On average, every five days in the United States, one child dies from choking. Hot dogs are the number one cause of food-related choking deaths, according to study in Pediatrics, the journal of the American Association of Pediatrics.
Tragically, just this week, 3-year-old Anna Hendley of Indiana died after choking to death on a hot dog at her babysitter’s house.
The American Academy of Pediatrics has urged the food industry to stay away from shapes and sizes of foods that pose choking hazards and to put warning labels on those which do (such as hot dogs).
One Connecticut grandmother has worked to redesign hot dogs so they won’t get stuck in young children’s throats. Hedy Palliardi heard the news about the hazards of hot dogs and had a brilliant idea.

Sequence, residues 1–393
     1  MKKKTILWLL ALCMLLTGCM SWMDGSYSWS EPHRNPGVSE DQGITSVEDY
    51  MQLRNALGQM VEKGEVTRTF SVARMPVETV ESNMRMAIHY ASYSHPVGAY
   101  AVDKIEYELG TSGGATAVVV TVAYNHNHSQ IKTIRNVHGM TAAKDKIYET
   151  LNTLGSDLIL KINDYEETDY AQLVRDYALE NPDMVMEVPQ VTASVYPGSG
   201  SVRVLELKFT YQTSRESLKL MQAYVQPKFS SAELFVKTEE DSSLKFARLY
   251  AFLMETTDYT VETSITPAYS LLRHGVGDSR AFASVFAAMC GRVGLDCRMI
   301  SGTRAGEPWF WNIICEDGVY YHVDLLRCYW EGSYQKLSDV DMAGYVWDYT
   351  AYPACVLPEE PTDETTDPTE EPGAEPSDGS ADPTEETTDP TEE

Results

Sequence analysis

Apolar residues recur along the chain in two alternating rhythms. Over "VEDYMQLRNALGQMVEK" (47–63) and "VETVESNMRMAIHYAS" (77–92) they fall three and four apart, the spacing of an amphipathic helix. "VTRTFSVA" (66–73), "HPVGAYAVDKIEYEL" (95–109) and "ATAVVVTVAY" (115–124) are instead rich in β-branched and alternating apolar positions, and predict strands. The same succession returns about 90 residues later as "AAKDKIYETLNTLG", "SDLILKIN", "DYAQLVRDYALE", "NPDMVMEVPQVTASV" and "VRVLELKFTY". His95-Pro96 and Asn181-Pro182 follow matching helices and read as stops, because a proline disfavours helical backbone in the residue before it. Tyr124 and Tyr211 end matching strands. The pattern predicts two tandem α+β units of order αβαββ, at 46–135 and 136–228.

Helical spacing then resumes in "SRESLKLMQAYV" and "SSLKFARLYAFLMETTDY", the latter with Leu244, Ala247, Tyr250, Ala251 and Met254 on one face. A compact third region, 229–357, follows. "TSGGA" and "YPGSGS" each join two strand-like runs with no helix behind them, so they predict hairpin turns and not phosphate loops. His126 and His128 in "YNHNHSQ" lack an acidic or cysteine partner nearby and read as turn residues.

“It came in the form of a dream, and I acted on it,” Palliardi told The Hartford Courant. “I had a dream about a flat hot dog.”
Palliardi and her brother, who used to work at a food processing company that made hot dogs, came up with a way to make a flat hot dog.
“It’s a big, fat hot dog, without the skin, said Palliardi. “All we do is slice it. It solves the problem, which is the choking hazard.”
At the moment, Palliardi’s Flat Dogs are only available in Connecticut, but Palliardi has plans to sell them nationwide. But until that time, Angry Mom at Momlogic advises parents to “cut toddlers’ hot dogs into quarter-sized pieces or don’t give them hot dogs at all.”
Would you consider buying a flat hot dog?
photo: flickr/TheBusy Brain